While I think the author draws to strong of a line between Open Source
and Closed Source, there is a good book about evaluating Open source
software by Bernard Golden called "Succeeding with open source" .
Brett Bonfield wrote:
> I really like this topic, and I like how you're thinking about it. I
> tried to ask similar questions in an article I published in July:
> I think Jonathan and Nicole nailed it with community health, though
> this leads to an additional consideration that I think is more nuanced
> than the application/system vs library/module distinction. Scriblio
> and SOPAC are built on top of very healthy (from a developer community
> perspective) software that has been created with moderately technical
> end-users in mind.
> This also gets back to Jonathan's very good generalization of your
> point about LAMP: "What are its requirements and level of difficulty
> for deployment?" When the first few steps are as comparatively easy
> for non-developers as a "Five Minute WordPress Install," I think that
> has to count for something.
> Brett Bonfield
> On Mon, Dec 28, 2009 at 2:21 PM, Nicole Engard <[log in to unmask]> wrote:
>> I'm with Jonathan on the community health, one of the things I stress
>> when teaching my open source classes is that the developer and user
>> community is essential to the success and life of the product.
>> Nicole C. Engard
>> On Mon, Dec 28, 2009 at 12:51 PM, Jonathan Rochkind <[log in to unmask]> wrote:
>>> Quality of code in general: How well-designed is the code architecture,
>>> for maintenance and debugging? [This not only matters if you plan to do
>>> in-house development with it, but matters for predicting how likely the
>>> product is to stay 'alive' and continue to evolve with the times, instead of
>>> you just being stuck with exactly the version you first installed forever.]
>>> Developer Community: Is there a developer community around this software,
>>> with multiple people from multiple institutions contributing? Or is it just
>>> one founder maintaining it? [One founder maintaining it _can_ work fine, as
>>> long as that founder keeps maintaining it. MarcEdit is a great example. But
>>> the more of a community there is, again, the higher the reliability that the
>>> software will continue to evolve in the future, even if the founder bows out
>>> for some reason. ]
>>> A related topic: Do individual institutions do extensive local
>>> customization to core code, which does not end up merged back into the
>>> 'main' distribution? Again, this effects long-term sustainability of the
>>> I wrote a bit on judging one aspect of open source in a Library Journal
>>> article here: http://www.libraryjournal.com/article/CA6611591.html
>>> I also compiled some opinions from me, Bill Dueber, and others, in what
>>> 'good code' looks like in open source here:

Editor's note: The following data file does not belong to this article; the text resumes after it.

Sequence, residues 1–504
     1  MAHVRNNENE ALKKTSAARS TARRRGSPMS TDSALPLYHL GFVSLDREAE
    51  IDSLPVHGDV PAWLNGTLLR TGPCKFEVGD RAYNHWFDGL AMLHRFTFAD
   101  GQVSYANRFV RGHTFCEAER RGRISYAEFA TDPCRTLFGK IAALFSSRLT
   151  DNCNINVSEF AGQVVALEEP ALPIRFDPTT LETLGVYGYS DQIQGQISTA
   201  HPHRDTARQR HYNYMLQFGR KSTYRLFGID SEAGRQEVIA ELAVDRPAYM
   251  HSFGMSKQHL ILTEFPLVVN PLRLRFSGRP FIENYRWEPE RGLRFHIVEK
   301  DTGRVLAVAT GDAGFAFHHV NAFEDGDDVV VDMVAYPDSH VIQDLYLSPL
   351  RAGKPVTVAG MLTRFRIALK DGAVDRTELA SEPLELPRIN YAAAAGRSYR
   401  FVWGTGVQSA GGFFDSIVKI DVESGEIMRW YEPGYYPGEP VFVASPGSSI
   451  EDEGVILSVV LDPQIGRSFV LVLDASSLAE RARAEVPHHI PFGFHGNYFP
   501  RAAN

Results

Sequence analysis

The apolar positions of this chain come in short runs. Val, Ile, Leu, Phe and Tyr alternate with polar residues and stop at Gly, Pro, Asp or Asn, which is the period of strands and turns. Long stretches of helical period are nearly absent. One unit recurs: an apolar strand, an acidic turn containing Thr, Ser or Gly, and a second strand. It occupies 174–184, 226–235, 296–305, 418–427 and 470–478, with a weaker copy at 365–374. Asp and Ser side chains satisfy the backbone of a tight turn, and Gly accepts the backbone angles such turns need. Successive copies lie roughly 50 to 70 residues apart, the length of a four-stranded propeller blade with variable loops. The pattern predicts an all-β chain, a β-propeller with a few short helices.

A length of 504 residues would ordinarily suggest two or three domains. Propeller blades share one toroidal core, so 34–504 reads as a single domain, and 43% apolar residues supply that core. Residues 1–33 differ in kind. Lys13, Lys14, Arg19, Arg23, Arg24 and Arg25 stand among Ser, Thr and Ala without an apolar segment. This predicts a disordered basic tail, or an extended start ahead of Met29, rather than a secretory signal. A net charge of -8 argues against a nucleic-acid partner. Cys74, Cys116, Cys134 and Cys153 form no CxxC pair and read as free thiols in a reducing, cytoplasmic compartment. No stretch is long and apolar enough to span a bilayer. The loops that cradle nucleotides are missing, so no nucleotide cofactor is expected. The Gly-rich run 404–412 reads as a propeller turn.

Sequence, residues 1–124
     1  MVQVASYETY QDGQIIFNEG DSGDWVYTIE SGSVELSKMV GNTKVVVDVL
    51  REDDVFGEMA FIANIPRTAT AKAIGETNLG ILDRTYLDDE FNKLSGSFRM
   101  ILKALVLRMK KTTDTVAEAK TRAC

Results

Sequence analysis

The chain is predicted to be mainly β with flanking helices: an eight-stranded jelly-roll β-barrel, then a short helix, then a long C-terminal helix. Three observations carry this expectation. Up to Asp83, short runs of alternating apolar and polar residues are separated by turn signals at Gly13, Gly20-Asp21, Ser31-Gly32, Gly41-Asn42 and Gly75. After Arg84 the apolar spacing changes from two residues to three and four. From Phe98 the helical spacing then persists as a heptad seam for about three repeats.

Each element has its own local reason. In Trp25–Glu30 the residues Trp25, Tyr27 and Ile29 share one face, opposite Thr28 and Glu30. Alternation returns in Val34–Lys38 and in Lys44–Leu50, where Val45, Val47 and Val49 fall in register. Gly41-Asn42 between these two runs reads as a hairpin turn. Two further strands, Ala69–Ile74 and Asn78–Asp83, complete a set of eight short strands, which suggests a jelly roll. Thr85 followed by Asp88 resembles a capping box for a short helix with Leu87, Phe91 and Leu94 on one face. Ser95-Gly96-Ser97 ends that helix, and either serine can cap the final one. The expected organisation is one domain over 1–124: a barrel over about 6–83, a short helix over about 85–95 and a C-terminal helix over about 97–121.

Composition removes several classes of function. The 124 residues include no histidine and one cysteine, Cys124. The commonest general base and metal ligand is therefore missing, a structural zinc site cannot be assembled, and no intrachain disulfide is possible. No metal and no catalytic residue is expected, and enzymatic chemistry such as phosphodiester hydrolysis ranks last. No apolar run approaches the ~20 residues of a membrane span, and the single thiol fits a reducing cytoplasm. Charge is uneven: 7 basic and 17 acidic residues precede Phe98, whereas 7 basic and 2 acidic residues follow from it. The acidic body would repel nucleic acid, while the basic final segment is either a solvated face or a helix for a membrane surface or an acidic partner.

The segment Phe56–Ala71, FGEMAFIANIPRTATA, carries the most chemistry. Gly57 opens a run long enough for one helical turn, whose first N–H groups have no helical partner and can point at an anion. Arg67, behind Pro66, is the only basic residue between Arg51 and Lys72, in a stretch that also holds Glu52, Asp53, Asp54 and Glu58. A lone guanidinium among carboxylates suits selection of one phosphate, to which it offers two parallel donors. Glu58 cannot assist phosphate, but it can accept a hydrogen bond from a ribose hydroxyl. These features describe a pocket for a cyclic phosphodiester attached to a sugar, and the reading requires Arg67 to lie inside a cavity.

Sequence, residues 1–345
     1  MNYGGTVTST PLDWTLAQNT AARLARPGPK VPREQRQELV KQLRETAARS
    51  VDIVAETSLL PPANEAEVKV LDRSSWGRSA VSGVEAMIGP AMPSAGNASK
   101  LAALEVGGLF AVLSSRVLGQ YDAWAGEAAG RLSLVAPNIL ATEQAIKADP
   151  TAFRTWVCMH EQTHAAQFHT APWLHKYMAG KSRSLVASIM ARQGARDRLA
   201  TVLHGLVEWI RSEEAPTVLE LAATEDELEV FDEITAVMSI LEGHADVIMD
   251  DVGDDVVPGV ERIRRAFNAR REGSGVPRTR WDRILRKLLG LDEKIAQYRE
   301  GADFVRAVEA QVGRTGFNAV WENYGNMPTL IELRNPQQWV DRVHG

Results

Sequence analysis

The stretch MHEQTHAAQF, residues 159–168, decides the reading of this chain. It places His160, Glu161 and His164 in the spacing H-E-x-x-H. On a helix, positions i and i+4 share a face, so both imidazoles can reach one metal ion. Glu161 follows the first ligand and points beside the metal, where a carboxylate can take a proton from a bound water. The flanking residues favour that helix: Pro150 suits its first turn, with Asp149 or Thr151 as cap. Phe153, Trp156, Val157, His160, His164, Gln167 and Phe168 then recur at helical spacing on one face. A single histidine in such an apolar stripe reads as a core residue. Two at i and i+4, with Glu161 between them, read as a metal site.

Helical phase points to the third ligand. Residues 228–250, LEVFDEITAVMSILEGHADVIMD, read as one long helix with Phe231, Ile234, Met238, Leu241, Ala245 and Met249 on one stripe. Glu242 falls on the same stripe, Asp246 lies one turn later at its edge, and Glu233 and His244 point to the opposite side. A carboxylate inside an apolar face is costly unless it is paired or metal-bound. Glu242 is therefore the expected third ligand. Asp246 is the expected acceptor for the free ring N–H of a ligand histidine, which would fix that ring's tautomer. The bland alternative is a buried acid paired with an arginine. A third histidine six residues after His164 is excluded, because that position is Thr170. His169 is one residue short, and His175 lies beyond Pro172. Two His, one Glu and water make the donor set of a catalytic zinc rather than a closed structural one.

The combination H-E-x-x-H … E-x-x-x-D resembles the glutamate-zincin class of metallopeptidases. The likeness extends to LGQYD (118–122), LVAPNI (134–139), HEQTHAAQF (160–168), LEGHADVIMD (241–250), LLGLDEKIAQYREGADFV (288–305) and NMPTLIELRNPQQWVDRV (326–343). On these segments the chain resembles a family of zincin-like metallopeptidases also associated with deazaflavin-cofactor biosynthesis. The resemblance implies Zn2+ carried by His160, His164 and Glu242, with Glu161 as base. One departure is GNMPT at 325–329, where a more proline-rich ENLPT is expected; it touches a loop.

>>> I could also pick nits with some of your criteria, but, hey, if they're
>>> important to someone they're important to someone. Some of htem are less
>>> important to me (For instance: "Is it deployed on LAMP" I'd generalize to
>>> "what are it's requirements and level of difficulty for deployment?" We are
>>> quite capable of deploying non-PHP solutions, but that doesn't mean that all
>>> non-PHP solutions are equal for ease of deployment either!. )
>>> Eric Lease Morgan wrote:
>>>> What qualities and characteristics make for a "good" piece of open source
>>>> software? And once that question is answered, then what pieces of
>>>> library-related open source software can be considered "best"?
>>>> I do not believe there is any single, most important characteristic of
>>>> open source software that qualifies it to be denoted as "best". Instead, a
>>>> number of characteristics need to be considered. For example, a program
>>>> might do one thing and do it well, but if it is bear to install then that
>>>> counts against it. Similarly, some software might work wonders but it is
>>>> built on a proprietary infrastructure such as a closed source compiler. Can
>>>> that software really be considered "open"?
>>>> For my own education and cogitation, I have begun to list questions to
>>>> help me address what I think is the "best" library-related open source
>>>> software.  Your comments would be greatly appreciated. I have listed the
>>>> questions here in (more or less) personal priority order:
>>>> * Does the software work as advertised?
>>>> * To what degree is the software supported?
>>>> * Is the documentation thorough?
>>>> * What are the licence terms? * To what degree is the software easy to
>>>> * To what degree is the software implemented
>>>> using the "standard" LAMP stack?
>>>> * Is the distribution in question an
>>>> application/system or a library/module?
>>>> * To what degree does the software satisfy some
>>>> sort of real library need?
>>>> What sorts of things have I left out? Is there anything here that can be
>>>> measurable or is everything left to subjective judgement? Just as
>>>> importantly, can we as a community answer these questions in light of
>>>> distributions to come up with the "best" of class?
>>>> 'More questions than answers.
>>>>  There are elaborations on the questions in a blog posting. See: